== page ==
The New World

Melmoth

Bruxist
Terence Malick is one of my essential directors, so I was loooking forward to this, and it doesn't disappoint. Very similar in its rhythms to The Thin Red Line, though here, I think, his trademark Heideggereanism if still more to the fore. The New World of the title refers, of course, to the continent that the first settlers in Virginia found, but it also highlights the theme of 'worlding', of Heideggers interest in the webs of meaning that inform discrete historical contexts, and crucially how one such world changes into another. Aside from that its just enourmously beautiful to look at and very very moving. Anyone else see it?
 

luka

Well-known member
Staff member
this is easily the shittest film i've ever seen in my whole entire life, the stupidest wretchedsest, dullest most idulgent piece of shit ever to shame a cinema screen. about half the audience walked out before the film ended, the others shatted away amongst themselves with, significantly, no one asking them to be quiet. couples kissed and fondled, others slept. noble savage bollocks, crap acting, ridiculous dialouge, pitiful awful, never have i seen something so dire. i can't beleive anyone liked it, i'm flaberghasted
 

Melmoth

Bruxist
luka said:
this is easily the shittest film i've ever seen in my whole entire life, the stupidest wretchedsest, dullest most idulgent piece of shit ever to shame a cinema screen. about half the audience walked out before the film ended, the others shatted away amongst themselves with, significantly, no one asking them to be quiet. couples kissed and fondled, others slept. noble savage bollocks, crap acting, ridiculous dialouge, pitiful awful, never have i seen something so dire.
That Colin Farrell's lovely though.
 

tryptych

waiting for a time
Melmoth said:
Terence Malick is one of my essential directors, so I was loooking forward to this, and it doesn't disappoint. Very similar in its rhythms to The Thin Red Line, though here, I think, his trademark Heideggereanism if still more to the fore. The New World of the title refers, of course, to the continent that the first settlers in Virginia found, but it also highlights the theme of 'worlding', of Heideggers interest in the webs of meaning that inform discrete historical contexts, and crucially how one such world changes into another. Aside from that its just enourmously beautiful to look at and very very moving. Anyone else see it?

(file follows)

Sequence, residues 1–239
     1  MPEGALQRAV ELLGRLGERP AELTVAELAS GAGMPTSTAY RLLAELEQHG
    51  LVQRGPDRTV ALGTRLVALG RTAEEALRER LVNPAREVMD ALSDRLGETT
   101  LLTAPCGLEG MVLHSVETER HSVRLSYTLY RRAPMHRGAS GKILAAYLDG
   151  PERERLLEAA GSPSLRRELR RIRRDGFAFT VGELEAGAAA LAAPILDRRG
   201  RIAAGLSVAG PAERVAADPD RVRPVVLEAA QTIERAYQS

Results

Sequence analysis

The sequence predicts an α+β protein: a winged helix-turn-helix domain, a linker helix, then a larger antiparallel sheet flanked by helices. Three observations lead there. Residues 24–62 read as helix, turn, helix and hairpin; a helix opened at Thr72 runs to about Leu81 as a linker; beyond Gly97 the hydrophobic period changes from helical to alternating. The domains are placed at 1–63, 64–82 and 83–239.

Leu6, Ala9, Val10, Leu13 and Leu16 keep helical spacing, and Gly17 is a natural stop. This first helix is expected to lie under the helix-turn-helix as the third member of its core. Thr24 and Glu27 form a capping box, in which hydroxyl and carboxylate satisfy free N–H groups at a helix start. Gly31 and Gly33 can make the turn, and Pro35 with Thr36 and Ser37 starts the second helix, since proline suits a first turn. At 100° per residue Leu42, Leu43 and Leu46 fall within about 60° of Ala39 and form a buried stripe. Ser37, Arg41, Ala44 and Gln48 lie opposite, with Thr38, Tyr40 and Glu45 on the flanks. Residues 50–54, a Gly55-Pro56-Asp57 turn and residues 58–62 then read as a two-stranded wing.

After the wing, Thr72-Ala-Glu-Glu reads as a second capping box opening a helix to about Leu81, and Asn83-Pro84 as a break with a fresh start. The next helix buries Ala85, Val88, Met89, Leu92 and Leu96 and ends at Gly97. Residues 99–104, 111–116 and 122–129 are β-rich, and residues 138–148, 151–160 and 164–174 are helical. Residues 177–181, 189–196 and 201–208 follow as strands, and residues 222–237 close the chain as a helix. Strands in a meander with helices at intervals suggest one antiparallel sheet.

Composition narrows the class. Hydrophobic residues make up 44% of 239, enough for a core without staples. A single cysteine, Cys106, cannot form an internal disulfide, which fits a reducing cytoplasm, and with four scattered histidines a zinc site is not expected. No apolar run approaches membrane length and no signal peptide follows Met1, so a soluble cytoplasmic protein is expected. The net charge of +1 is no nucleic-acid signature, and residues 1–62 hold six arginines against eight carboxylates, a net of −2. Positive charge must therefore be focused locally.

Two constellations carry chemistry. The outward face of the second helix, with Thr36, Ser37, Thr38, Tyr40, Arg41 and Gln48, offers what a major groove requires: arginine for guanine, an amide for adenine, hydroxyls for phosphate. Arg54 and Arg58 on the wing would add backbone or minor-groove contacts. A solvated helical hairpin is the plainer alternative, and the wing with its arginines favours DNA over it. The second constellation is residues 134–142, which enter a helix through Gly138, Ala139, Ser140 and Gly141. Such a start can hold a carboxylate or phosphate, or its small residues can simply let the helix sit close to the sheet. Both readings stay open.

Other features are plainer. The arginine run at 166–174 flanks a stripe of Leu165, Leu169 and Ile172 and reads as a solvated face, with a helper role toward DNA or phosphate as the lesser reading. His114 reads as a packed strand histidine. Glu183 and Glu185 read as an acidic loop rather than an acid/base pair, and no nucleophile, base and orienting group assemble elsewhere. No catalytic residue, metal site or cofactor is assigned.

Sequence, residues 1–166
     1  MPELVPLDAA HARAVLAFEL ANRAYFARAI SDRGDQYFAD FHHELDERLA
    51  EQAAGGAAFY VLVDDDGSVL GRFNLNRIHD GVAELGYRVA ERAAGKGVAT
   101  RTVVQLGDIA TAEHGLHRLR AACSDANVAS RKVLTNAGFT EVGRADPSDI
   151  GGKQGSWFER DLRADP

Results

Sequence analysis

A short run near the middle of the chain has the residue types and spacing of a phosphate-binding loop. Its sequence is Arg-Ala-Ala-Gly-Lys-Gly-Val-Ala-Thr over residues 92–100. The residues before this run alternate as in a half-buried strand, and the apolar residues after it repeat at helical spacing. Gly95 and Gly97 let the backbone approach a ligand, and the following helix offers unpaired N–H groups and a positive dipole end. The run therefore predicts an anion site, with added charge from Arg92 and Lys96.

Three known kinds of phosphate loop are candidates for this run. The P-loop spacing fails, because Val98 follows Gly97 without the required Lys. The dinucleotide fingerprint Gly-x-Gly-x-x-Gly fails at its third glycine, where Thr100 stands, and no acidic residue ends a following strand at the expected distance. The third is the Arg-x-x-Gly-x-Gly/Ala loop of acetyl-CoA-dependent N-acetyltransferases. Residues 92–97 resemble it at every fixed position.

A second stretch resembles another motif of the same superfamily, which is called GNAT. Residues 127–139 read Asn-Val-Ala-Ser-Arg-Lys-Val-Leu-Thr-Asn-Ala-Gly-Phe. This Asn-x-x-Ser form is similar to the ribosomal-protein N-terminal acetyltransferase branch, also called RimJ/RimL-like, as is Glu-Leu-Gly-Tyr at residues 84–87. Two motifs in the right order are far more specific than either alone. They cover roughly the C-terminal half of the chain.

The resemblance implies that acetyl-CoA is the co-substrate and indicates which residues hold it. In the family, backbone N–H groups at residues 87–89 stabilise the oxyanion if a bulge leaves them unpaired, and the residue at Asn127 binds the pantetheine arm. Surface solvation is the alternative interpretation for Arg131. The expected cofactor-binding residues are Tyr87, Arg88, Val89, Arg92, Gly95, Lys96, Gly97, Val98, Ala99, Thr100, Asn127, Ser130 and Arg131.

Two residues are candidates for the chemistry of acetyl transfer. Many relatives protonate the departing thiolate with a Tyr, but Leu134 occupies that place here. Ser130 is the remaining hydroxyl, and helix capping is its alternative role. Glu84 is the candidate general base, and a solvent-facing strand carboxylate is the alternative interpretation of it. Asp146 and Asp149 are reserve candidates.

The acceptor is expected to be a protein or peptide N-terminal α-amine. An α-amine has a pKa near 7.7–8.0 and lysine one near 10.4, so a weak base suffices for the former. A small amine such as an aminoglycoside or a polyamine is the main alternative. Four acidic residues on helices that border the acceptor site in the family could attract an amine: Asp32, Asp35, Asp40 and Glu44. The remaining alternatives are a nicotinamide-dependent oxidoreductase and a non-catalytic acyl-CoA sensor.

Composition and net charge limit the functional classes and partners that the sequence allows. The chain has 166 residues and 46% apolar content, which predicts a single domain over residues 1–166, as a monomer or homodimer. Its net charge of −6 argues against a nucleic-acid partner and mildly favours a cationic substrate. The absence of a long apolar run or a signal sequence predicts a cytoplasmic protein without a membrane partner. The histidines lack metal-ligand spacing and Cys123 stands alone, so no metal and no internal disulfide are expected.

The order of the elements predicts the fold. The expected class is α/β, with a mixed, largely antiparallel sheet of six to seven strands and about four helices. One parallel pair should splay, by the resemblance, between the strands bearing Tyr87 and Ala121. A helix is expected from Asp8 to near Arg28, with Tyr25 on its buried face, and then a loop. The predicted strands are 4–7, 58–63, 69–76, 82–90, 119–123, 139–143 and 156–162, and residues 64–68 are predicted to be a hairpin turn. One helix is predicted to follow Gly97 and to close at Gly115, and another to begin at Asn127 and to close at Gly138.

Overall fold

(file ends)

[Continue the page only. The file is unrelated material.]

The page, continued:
I havn't seen Thin Red Line, but one of my tutors remarked on it as being a very Hegelian film, presumably to do with its treament of recognition. But then I always thought that Hegel's recognition was pretty close to Heidegger's ideas about mitsein/das man.
 

francesco

Minerva Estassi
luka said:
this is easily the shittest film i've ever seen in my whole entire life, the stupidest wretchedsest, dullest most idulgent piece of shit ever to shame a cinema screen. about half the audience walked out before the film ended, the others shatted away amongst themselves with, significantly, no one asking them to be quiet. couples kissed and fondled, others slept. noble savage bollocks, crap acting, ridiculous dialouge, pitiful awful, never have i seen something so dire. i can't beleive anyone liked it, i'm flaberghasted
Please stuck to playstation and stay away from cinema.
 

luka

Well-known member
Staff member
oh franscesco, you've wounded me!

you've put me in my place, how dare i venture an opinion, a mere pleb like myself, raising his voice in the company of his betters!

the film is still shit though. an embaressment to all concerned, though i agree colin farell and the bird are both beautiful people.

anyway, i'm off to live in woods off nuts and berries, free from sin and worldly ways, its the only truth.